What are some of the rules for taking time out?

It doesn’t have to be five months, but everyone can take a month off. The rule is to get off technology and go somewhere. It doesn’t have to be expensive, but it’s about reconnecting with yourself and your family. Do some great vision work and learn new skills if you can. I studied photography and learned how to breathe, which gave me better coping strategies to bring into my everyday life.

How can we work to combat technology taking over our lives? What are some of your best tips?

The biggest rule is not to have technology in the bedroom. Buy an old-fashioned alarm clock, from the $2 shop. Otherwise your phone plays on your subconscious; it opens the same part of your brain as gambling, and you don’t put a TAB machine next to a gambler when they’re asleep. I know people who’ve taken their phone out of the room and it’s changed their lives and their sleeping and anxiety. Don’t check your emails before breakfast, or the gym, or your morning walk. Get your morning started and then when you’re ready, go through your emails and deal with them quickly. Checking your phone before you start your day breeds low-level anxiety.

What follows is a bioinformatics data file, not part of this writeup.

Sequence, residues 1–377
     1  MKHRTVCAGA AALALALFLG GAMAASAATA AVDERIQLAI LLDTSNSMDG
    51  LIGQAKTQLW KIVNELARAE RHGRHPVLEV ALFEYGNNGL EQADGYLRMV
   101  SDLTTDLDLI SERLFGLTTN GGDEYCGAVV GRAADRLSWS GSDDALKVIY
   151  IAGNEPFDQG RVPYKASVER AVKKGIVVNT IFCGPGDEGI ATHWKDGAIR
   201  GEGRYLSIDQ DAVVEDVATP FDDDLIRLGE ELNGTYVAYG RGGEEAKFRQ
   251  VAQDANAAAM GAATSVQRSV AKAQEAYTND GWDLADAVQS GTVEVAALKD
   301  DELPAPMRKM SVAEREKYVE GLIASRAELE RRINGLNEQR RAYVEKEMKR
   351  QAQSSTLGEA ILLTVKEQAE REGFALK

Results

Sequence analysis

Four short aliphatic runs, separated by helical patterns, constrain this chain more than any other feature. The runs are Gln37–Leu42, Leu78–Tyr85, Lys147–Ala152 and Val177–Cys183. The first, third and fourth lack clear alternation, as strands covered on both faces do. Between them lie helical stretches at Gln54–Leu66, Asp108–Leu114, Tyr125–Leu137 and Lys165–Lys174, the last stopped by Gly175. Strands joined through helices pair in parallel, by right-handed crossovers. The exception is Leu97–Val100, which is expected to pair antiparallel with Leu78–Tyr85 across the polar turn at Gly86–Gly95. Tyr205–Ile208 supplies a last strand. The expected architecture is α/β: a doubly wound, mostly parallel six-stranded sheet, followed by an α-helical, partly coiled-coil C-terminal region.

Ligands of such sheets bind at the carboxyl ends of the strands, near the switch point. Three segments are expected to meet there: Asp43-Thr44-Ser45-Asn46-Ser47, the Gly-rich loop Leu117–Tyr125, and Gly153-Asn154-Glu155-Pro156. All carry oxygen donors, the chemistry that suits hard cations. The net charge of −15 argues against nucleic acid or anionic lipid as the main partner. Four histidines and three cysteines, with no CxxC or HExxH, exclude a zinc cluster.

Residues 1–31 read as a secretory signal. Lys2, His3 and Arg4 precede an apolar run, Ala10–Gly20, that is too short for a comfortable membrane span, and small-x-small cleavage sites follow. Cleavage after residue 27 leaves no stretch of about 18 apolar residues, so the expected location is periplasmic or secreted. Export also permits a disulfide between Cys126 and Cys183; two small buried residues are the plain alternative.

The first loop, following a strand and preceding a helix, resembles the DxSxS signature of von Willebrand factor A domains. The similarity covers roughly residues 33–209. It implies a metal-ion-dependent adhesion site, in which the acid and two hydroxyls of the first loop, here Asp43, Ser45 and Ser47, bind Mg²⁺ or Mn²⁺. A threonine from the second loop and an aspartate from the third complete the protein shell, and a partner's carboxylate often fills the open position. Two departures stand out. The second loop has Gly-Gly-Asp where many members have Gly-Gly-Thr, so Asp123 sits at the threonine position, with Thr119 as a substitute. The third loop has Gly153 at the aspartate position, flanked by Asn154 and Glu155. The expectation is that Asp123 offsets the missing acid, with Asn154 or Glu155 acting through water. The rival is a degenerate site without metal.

You must see a lot of business owners come to you for advice about how to achieve balance in their lives, or enrich their careers or personal life. What are some of the most common challenges you see?

They lack clarity. They’re on the treadmill of life, achieving things, they’re successful. But they’ve forgotten why, what their purpose is… they have no clarity or vision about moving forward. YOU are the asset in life and if you’re not doing activities to protect the asset, it won’t be great. A breath to the body is the same as plugging in your mobile phone to charge it. Breathing is recharging.

There’s talk lately in the age of entrepreneurs that work-life balance doesn’t exist; it’s out the window, because work is life and vice versa. What’s your opinion on that?

Entrepreneurs have the freedom to be bigger and stronger. If they protect the asset (themselves) then they will do really well. The ones who take care of themselves and their health are the ones who don’t fail. People need practical tools and tips to avoid burning out, and that includes balance.